The teacher shortage and its effects


Since the start of the COVID-19 pandemic in 2020, there has been an increase of teachers leaving the profession, causing a shortage across the nation. At Hebron, 50 new faculty members were hired this year, with 75% more teachers hired than in previous years.

“Teaching is already a stressful job,” principal Amy Boughton said. “Meetings, paperwork, Canvas: [it has] grown increasingly impossible to get all that done during your conference period. The love of teaching has turned into mass amounts of paperwork. I think it’s just gotten to a point now where people are [thinking], if [they’re] going to spend this much time outside of the eight-hour day, then [they’ve] got to look at doing something else.”

Hebron has lost teachers to other fields, promotions and retirements. Thirty-five new teachers were hired this year.  When the year started, one position in the science department was left unfilled. Special education inclusion teacher Garrett Roberson helped manage the class until a full-time teacher was hired.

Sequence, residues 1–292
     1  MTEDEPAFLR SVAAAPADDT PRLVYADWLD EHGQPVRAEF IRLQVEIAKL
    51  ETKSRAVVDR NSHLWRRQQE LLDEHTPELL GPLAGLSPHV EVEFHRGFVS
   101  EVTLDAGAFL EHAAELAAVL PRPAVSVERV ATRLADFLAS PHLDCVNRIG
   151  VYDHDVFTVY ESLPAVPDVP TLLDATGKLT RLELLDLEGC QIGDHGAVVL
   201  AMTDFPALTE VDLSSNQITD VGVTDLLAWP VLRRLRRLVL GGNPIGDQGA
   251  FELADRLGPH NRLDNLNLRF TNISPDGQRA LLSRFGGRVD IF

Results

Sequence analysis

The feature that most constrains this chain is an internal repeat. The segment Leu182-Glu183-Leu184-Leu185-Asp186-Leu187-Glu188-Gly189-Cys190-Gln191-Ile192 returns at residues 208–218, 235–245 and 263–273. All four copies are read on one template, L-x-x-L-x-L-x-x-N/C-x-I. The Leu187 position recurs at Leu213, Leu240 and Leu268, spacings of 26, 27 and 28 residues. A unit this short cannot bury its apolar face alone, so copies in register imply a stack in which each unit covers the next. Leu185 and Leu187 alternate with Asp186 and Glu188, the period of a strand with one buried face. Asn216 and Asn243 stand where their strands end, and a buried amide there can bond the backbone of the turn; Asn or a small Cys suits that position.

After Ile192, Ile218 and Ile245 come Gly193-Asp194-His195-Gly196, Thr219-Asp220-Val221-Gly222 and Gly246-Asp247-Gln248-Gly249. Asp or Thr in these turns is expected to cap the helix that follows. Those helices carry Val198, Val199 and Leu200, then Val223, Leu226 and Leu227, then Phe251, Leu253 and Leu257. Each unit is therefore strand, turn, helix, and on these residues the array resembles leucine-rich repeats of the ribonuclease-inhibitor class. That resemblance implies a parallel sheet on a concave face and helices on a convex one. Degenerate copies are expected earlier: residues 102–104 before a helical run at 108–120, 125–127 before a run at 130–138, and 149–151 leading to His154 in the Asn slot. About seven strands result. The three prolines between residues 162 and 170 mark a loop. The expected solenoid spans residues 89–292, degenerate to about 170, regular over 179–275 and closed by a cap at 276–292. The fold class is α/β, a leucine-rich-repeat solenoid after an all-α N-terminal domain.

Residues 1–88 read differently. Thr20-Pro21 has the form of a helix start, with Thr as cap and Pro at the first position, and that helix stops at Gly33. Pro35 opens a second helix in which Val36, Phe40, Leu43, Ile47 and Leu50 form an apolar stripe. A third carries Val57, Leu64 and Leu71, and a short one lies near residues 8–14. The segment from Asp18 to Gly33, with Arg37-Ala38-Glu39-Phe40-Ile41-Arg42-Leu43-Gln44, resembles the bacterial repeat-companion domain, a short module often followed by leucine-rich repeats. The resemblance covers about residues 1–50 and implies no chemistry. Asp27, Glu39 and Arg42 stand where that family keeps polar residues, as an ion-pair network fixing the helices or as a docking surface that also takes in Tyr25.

“I didn’t feel like there was organization within the class, so I was constantly having to figure out what we were doing that day,” Roberson said. “[I had to] to help the students; keep them from blowing off everything and [thinking] this [class] didn’t matter until we [got] a new teacher.” 

The pandemic also led to an issue in the number of substitutes required on campus. According to Boughton, Hebron has been able to reach a 70% fill rate for substitutes. 

“I believe that LISD is probably doing the best in [filling teacher spots,]” Roberson said. “It doesn’t seem like there are quite as many teachers that have either been vacant or that have left the profession.”

With COVID-19 and the simultaneous shift to using Canvas, teachers were put under a lot of stress. The Economic Policy Institute reported low salary is also a large part of the reason why teachers are leaving..

“I’m tremendously fortunate to have such high quality people around me,” Boughton said. “With the teacher shortage, I have hope that the politicians and the people who can help us increase starting teacher salaries and [provide] better benefits to draw people in, that they’ll do it. Every time we’ve seemingly faced a really serious challenge, the whole school has risen to the occasion. Even in the most challenging of times, I have a lot of hope.”